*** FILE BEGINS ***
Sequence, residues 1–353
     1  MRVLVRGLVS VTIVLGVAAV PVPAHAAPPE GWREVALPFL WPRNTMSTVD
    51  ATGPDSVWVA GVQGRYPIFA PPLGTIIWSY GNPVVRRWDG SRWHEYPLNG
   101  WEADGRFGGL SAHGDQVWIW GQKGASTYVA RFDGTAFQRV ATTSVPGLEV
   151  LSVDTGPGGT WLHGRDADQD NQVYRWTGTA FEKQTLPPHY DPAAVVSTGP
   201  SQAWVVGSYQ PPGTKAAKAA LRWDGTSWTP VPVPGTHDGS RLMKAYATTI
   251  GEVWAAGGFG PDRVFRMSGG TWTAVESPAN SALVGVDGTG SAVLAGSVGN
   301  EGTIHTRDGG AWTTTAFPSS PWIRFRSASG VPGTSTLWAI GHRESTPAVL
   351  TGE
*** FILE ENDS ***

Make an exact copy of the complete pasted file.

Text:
Sequence, residues 1–353
     1  MRVLVRGLVS VTIVLGVAAV PVPAHAAPPE GWREVALPFL WPRNTMSTVD
    51  ATGPDSVWVA GVQGRYPIFA PPLGTIIWSY GNPVVRRWDG SRWHEYPLNG
   101  WEADGRFGGL SAHGDQVWIW GQKGASTYVA RFDGTAFQRV ATTSVPGLEV
   151  LSVDTGPGGT WLHGRDADQD NQVYRWTGTA FEKQTLPPHY DPAAVVSTGP
   201  SQAWVVGSYQ PPGTKAAKAA LRWDGTSWTP VPVPGTHDGS RLMKAYATTI
   251  GEVWAAGGFG PDRVFRMSGG TWTAVESPAN SALVGVDGTG SAVLAGSVGN
   301  EGTIHTRDGG AWTTTAFPSS PWIRFRSASG VPGTSTLWAI GHRESTPAVL
   351  TGE